IT’S HOT. STAY WELL HY­DRATED

The Hamilton Spectator - - GO - DR. AN­THONY CROCCO

Are your kids drink­ing enough?

The word de­hy­dra­tion may sound com­pli­cated, but it re­ally just means “dry body.” It’s a com­mon ail­ment among kids, es­pe­cially in the sum­mer. Luck­ily, it is usu­ally easy to pre­vent and treat, once you know how to spot the signs.

De­hy­dra­tion can oc­cur ei­ther be­cause not enough fluid is get­ting into your body, or your body is los­ing too much fluid. The first sce­nario usu­ally hap­pens when a child is not feel­ing well and isn’t able to drink enough fluid. The sec­ond sce­nario is usu­ally caused by di­ar­rhea or ex­ces­sive sweat­ing.

Sweat­ing is your body’s way of cooling down when it’s hot. That’s why we tend to see more cases of de­hy­dra­tion in the sum­mer. It’s a nat­u­ral, healthy re­sponse to heat, but if that fluid isn’t re­placed you can get de­hy­drated.

How can you tell if your child is de­hy­drated?

• Ask them if they feel thirsty. Thirst is the body’s way of telling us it needs more fluid.

• Look in­side your child’s mouth. If it looks dry, they may be de­hy­drated.

• Check your child’s urine. In­fre­quent uri­na­tion or con­cen­trated urine are signs of de­hy­dra­tion.

• Try the cap­il­lary re­fill test: press the tip of your child’s fin­ger so it turns white. Re­lease and time how long it takes to pink up again. If it takes more than a few sec­onds, they may be de­hy­drated.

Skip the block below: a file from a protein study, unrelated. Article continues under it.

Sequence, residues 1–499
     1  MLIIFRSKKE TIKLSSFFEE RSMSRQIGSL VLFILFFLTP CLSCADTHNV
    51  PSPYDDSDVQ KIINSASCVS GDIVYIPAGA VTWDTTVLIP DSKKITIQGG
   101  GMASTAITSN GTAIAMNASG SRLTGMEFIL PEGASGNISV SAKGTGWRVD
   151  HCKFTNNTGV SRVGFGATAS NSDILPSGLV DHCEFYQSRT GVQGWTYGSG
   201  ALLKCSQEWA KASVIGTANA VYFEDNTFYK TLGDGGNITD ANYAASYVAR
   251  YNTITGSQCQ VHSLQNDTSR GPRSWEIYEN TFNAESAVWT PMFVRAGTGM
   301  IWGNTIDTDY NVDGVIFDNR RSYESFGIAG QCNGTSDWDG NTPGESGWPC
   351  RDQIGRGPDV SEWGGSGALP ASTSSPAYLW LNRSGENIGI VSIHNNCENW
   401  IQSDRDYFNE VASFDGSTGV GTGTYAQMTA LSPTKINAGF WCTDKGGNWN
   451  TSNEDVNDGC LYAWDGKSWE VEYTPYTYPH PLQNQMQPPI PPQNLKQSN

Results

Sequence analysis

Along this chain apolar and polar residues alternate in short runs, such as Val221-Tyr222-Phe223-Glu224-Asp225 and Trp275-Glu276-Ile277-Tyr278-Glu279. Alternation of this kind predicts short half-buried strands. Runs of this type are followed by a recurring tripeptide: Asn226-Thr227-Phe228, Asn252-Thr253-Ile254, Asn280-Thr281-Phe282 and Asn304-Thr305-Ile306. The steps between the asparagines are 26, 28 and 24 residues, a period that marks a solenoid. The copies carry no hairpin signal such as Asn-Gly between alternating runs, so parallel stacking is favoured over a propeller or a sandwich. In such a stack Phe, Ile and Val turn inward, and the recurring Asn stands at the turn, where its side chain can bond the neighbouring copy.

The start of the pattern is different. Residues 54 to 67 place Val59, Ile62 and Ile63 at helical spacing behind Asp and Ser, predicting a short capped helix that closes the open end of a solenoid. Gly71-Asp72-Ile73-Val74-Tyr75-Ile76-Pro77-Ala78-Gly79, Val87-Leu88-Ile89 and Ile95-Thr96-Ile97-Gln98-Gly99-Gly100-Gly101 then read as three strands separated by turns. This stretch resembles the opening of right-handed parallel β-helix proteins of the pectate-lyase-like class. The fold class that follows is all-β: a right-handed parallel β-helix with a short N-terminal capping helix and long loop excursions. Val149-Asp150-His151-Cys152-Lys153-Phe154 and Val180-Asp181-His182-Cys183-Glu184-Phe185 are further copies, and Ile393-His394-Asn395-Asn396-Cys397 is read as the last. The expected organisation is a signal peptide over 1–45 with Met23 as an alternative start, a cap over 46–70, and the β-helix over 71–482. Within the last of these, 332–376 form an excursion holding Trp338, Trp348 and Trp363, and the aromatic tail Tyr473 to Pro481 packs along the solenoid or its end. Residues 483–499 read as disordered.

If you’re wor­ried that your child is de­hy­drated, you should give them some­thing to drink as soon as pos­si­ble. Wa­ter is a good op­tion, but if your child is sweat­ing a lot they may need some­thing more. That’s be­cause when we sweat, we lose both salt and wa­ter. Sports drinks are a good op­tion be­cause they help to re­plen­ish both of those things. De­pend­ing on how de­hy­drated your child is, they may need two to three times more than they would usu­ally drink.

Left un­treated, de­hy­dra­tion can be­come se­vere and lead to symp­toms like dizzi­ness, rapid breath­ing and faint­ing. If your child doesn’t seem like them­selves, you should take them to your lo­cal ur­gent care cen­tre or emer­gency depart­ment for treat­ment.

To pre­vent de­hy­dra­tion be­fore it starts, make sure your child is drink­ing flu­ids reg­u­larly, in­clud­ing sports drinks if they’re ac­tive out­side in the heat. En­cour­age kids to dress in light cloth­ing that’s ap­pro­pri­ate for the weather, and to avoid in­tense ac­tiv­ity dur­ing the hottest hours of the day. The risk of de­hy­dra­tion doesn’t have to put a damper on your sum­mer fun as long as you plan ahead and play safe.

Dr. An­thony Crocco is chief of pe­di­atric emer­gency medicine at McMaster Chil­dren’s Hos­pi­tal.

GETTY

Sweat­ing is your body’s way of cooling down, but you need to re­place that fluid.

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